‘As Jungle Drums Rang Across The Amazon (We Held Our Heads And Screamed)’/ ‘Richer Than My Tribe’
The RingMaster Review has been enamoured with Cardiff discord indie pop maestros The Victorian English Gentlemens Club since purchasing their double A-sided single ‘Amateur Man’ / ‘Ban the Gin’ in 2006 on the back of the band name alone. From then through their debut self titled album, its follow up Love On An Oil Rig and numerous singles the trio has never failed to get the pulse racing and satisfied the eager anticipation that builds before each release. Such was the case with the bands recently released third album Bag Of Meat from which the new double A-side ‘As Jungle Drums Rang Across The Amazon (We Held Our Heads And Screamed)’/ ‘Richer Than My Tribe‘ has been taken.
The double A-side release due to drop on September 5th via This Is Fake DIY Records, brings more of the bands distinctive and unique frenzied rock sounds coated in incisive and addictive melodies and undeniable incessant hooks and lures. Their sound is uncomplicated though under the surface not as simple as it often seems their intelligent if crazed creations are inspired and determined, and most of all irrepressible.
‘As Jungle Drums Rang Across The Amazon (We Held Our Heads And Screamed)‘ strolls through the ear with chunky guitars and vibrant insurgent sounds and hooks. Lean and mean it strikes deep inside with an 80’s post punk feel something that is a little different to their earlier songs. In small degrees one is reminded of bands like Wire, The Fire Engines, and Cardiacs, the flavour seemingly interpreted and infused into the bands very solitary and special sound. Adam Taylor with guitar and especially his voice are as always expressive with a manic tinge that compliments the music’s agitated edge. Backed by the more stable tones of bassist Louise Mason and the hypnotic beats of James Griffiths, once more The Victorian English Gentlemens Club create a musical flourish of insane beauty.
Lyrically the songs are as ever diverse and fascinating as ever and the words of the band themselves gives the best descriptions, the first of the two songs is “a pop song that’s been through one of those old-fashioned shaky exercise machines leaving a thinner, sweatier, jerking, catchy racket. It’s about feeling sick and abandoned after someone you trusted and relied on lets you down. It’s set in the Amazon to add some 70s-style surreal escapism; it’s grey, British problems in a jungle. It started life as an ESG bassline, went through a million incarnations and arguments, and ended up being stripped-down and straight-up” and ‘Richer Than My Tribe’ is “a bass and drum boom: a racket with enough audio space to swing an African puma in. It’s about those guilty feelings of pleasure from taking a sick day off an inane job, being bored but not bored to insanity – a small victory song for freedom. It’s the first song that was written for the album; it defined the bass sound for the album, and is the first TVEGC song with rhyming in it”.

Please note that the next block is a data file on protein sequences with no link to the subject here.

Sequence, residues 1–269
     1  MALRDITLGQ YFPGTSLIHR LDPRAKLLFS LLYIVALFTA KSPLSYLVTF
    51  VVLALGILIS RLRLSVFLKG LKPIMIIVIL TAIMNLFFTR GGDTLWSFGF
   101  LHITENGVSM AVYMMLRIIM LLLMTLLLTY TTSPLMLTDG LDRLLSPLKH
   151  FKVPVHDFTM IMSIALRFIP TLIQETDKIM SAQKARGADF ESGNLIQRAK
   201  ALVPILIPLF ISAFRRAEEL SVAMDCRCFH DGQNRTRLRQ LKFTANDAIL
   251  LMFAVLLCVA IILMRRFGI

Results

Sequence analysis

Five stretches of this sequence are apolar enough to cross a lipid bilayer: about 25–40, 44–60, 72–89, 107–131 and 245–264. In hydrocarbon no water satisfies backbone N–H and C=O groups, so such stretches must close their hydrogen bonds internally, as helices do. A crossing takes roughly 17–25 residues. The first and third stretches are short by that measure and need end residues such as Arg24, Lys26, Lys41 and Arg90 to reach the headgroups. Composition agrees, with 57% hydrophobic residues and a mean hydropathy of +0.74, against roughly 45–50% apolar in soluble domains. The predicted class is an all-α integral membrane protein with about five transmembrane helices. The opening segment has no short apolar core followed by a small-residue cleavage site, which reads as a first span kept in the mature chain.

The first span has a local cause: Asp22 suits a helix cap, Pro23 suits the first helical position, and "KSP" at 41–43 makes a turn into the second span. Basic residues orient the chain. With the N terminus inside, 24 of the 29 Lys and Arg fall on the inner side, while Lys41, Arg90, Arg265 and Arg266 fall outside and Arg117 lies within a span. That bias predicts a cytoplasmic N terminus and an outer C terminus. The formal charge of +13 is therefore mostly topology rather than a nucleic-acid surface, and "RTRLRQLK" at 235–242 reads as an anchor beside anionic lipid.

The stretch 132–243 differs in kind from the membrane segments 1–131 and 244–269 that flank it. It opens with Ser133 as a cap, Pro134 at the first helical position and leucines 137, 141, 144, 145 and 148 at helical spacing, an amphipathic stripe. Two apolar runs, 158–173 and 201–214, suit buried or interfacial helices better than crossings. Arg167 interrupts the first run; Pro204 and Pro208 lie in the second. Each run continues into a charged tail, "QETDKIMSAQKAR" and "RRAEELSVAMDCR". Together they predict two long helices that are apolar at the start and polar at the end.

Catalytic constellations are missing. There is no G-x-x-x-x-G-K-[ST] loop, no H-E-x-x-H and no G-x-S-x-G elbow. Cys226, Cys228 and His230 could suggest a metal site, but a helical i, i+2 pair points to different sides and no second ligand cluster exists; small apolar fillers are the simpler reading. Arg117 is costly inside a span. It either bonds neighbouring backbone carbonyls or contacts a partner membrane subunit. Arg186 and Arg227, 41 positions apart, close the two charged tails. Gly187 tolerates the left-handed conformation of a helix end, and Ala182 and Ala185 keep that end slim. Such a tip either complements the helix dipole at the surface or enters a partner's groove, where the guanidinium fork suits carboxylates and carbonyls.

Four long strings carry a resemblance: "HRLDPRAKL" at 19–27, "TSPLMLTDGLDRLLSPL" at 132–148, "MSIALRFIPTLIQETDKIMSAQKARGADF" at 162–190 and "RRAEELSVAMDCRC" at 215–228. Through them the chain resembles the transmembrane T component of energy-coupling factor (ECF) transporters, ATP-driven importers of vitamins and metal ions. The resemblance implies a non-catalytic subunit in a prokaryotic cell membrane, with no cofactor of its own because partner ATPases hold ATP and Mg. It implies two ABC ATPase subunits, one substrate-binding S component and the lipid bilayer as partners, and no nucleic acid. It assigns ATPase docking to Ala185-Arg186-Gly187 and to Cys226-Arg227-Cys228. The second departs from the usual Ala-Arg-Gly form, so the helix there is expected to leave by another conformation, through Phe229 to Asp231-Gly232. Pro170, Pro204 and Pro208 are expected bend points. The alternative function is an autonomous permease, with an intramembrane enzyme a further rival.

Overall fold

‘Richer Than My Tribe’ is a discordant groove that inflames the senses, its throbbing swing grabbing the listener and take them on a frenzied electrified ride in sound and feel. The song’s mesmerising hook plays in the head as the vocals and band confront and play with the senses as only this band know how. The blend of melodies, harmonies and all things safe intertwined with daring and challenging thoughts and sounds catching the listener off guard wonderfully.
The Victorian English Gentlemens Club makes cryptic music of the most glorious kind and this double A-sided single is the perfect introduction to the band and their unique musical minds and sound. Once hooked by them there is no escape, not that you will want to. The Victorian English Gentlemens Club is one of the most important reasons and examples of why music fuels so many souls.